• Offered by School of Politics and International Relations
  • ANU College ANU College of Arts and Social Sciences
  • Course subject Political Science
  • Areas of interest Policy Studies, Political Communication, Political Sciences, Political Economy, Politics
  • Academic career UGRD
  • Mode of delivery In Person
This course examines the roles of political parties in democracies by reviewing the emergence, functions, activities, and the future of political parties. The focus of this course is on a comparative analysis of parties; however, on many occasions will draw on specific country experiences, including Australia, to illustrate particular topics. Additionally, the course will reflect on how and why political party experiences in post-industrial democracies may (or may not) be applied to newer democracies. 
Political parties are one of the major actors of democracies. They play an essential role in elections, representation and aggregation of citizen interests, recruitment of candidates for public offices, and governing of the state. Yet, their place in contemporary democracies is being more and more contested, especially by citizens. Political parties have experienced a decline in their membership and citizens are more likely to perceive them negatively. This course will help students understand the challenges faced by political parties as well as the solutions and reforms proposed to address the critics of parties. This overview of political parties and party systems is grounded in questions about democracy, its quality and its legitimacy. 

Learning Outcomes

Upon successful completion, students will have the knowledge and skills to:

Upon successful completion of this course, students will have the knowledge and skills to:

  1. Reflect on the importance of political parties for the democratic process.
  2. Explain the key concepts and themes in the study of political parties and party systems.
  3. Apply concepts and themes in the study of political parties and party systems to current cases and/or countries.
  4. Research and argue about a specific topic concerning political parties and party systems.
  5. Present research about parties and systems in a clear manner.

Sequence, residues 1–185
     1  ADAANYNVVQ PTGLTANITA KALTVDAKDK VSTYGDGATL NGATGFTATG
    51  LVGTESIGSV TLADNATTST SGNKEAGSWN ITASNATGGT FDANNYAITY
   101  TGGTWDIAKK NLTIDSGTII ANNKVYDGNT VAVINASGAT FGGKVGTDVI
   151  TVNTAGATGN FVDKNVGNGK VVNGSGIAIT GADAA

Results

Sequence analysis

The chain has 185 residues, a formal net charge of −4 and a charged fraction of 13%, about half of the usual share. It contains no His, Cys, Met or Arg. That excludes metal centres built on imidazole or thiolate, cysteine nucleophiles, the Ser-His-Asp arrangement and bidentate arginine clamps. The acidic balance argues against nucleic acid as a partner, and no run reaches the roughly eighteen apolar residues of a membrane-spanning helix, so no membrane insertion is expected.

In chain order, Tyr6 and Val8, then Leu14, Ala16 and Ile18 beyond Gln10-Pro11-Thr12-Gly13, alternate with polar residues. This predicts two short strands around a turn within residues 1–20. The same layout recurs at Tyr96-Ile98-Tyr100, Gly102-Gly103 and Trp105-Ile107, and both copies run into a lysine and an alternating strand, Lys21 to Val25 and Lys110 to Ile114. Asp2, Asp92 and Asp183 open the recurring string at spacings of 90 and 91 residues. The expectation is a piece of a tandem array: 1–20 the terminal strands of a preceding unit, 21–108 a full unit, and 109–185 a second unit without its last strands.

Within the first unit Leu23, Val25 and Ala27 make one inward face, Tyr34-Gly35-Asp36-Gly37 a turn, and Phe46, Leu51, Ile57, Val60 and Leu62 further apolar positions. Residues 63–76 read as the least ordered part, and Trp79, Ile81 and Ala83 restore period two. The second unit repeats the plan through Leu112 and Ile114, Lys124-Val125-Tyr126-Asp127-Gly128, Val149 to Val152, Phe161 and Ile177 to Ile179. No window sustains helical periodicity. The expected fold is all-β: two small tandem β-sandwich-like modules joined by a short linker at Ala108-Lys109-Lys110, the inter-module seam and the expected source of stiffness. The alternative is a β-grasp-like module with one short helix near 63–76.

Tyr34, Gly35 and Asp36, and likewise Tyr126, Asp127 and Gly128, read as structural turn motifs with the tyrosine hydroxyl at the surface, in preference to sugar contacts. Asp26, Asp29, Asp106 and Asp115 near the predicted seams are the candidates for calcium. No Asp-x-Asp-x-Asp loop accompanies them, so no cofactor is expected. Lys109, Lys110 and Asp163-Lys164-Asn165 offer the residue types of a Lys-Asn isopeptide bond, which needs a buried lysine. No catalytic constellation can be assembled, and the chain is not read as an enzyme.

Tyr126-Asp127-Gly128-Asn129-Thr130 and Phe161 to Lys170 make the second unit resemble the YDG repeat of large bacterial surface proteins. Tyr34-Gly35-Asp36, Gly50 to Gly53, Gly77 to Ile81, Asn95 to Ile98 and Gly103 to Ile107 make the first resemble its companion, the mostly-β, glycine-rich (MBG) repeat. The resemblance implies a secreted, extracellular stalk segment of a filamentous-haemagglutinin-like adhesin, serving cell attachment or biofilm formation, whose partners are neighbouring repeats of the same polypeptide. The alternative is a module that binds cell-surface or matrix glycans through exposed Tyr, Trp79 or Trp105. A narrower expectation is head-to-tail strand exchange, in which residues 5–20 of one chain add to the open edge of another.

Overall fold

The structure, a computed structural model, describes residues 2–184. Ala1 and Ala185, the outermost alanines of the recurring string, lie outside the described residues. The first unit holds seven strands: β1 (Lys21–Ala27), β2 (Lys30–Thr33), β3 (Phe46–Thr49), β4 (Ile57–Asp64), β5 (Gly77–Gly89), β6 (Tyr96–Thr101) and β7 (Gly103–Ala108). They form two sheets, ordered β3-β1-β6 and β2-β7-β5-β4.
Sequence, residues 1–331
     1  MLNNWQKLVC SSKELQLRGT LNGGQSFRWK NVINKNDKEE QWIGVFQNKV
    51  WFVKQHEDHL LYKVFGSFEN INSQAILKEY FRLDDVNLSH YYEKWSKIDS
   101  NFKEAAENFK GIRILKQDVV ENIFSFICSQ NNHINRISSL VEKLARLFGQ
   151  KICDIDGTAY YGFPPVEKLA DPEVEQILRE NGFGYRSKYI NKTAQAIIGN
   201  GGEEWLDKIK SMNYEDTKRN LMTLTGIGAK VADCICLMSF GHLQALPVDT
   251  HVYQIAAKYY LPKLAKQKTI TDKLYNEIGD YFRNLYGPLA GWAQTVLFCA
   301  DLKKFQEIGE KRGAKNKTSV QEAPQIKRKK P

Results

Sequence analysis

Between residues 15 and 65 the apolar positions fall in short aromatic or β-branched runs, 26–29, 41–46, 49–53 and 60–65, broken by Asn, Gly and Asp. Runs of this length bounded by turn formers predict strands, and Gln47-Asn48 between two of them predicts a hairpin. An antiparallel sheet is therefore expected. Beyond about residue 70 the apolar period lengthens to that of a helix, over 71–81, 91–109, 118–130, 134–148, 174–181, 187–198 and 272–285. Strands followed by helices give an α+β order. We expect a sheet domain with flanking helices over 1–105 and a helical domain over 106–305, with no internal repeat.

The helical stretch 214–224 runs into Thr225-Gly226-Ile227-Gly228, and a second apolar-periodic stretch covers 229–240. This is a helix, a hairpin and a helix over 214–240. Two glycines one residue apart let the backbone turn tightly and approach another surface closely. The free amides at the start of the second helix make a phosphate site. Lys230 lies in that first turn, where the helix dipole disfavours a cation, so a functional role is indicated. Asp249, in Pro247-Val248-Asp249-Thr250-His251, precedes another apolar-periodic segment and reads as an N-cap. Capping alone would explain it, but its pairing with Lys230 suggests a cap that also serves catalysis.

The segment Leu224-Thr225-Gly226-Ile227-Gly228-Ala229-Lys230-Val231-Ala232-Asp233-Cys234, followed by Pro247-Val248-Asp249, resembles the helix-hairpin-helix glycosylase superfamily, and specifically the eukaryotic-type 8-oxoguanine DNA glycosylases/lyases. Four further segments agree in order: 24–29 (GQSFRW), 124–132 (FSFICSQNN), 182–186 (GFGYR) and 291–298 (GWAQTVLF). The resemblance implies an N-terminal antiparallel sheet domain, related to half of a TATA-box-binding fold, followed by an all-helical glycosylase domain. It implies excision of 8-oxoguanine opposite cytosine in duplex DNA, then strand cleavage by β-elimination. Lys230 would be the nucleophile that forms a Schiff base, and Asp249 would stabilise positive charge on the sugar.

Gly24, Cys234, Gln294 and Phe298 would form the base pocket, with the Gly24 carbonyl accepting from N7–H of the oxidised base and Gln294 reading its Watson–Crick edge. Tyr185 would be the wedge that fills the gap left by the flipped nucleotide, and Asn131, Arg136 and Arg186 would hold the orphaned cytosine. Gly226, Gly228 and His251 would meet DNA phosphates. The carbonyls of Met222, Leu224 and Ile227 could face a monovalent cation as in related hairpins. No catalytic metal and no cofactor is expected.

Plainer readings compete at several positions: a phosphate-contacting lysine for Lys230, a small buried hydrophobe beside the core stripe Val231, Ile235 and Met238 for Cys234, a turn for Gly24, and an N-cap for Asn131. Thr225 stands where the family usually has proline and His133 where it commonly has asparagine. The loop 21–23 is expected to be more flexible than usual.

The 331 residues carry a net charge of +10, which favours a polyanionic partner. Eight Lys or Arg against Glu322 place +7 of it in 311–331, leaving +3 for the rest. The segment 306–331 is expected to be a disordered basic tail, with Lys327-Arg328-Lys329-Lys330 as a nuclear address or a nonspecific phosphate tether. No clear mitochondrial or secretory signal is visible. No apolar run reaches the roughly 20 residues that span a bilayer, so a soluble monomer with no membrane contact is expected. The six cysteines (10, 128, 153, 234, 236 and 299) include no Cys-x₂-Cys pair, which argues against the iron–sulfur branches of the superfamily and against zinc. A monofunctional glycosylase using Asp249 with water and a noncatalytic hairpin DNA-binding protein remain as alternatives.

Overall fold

Indicative Assessment

Paper Proposal 15% (1000 words) (LO: 2, 3, 4)
Research Paper 35% ( 2500-3000 words) (LO: 2, 3, 4, 5)
Group Tutorial Presentation 10% (15 min) (LO: 1, 2, 3, 5)
Tutorial Participation 10% (LO: 1, 2, 3)
Final Exam  30% (2 hours, during the exam period) (LO: 1, 2, 3)

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130 hours of total student learning time made up from: a) 36 hours of contact over 12 weeks: 24 hours of lectures, and 12 hours of tutorials; and, b) 94 hours of independent student research, reading and writing.

Requisite and Incompatibility

To enrol in this course you must have completed 12 units of 1000 or 2000 level Political Science (POLS) courses, or with permission of the convenor.




Tuition fees are for the academic year indicated at the top of the page.  

If you are a domestic graduate coursework or international student you will be required to pay tuition fees. Tuition fees are indexed annually. Further information for domestic and international students about tuition and other fees can be found at Fees.

Student Contribution Band:
Unit value:
6 units

If you are an undergraduate student and have been offered a Commonwealth supported place, your fees are set by the Australian Government for each course. At ANU 1 EFTSL is 48 units (normally 8 x 6-unit courses). You can find your student contribution amount for each course at Fees.  Where there is a unit range displayed for this course, not all unit options below may be available.

6.00 0.12500
Domestic fee paying students
Year Fee
2017 $3216
International fee paying students
Year Fee
2017 $4590
Note: Please note that fee information is for current year only.

Offerings, Dates and Class Summary Links

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There are no current offerings for this course.

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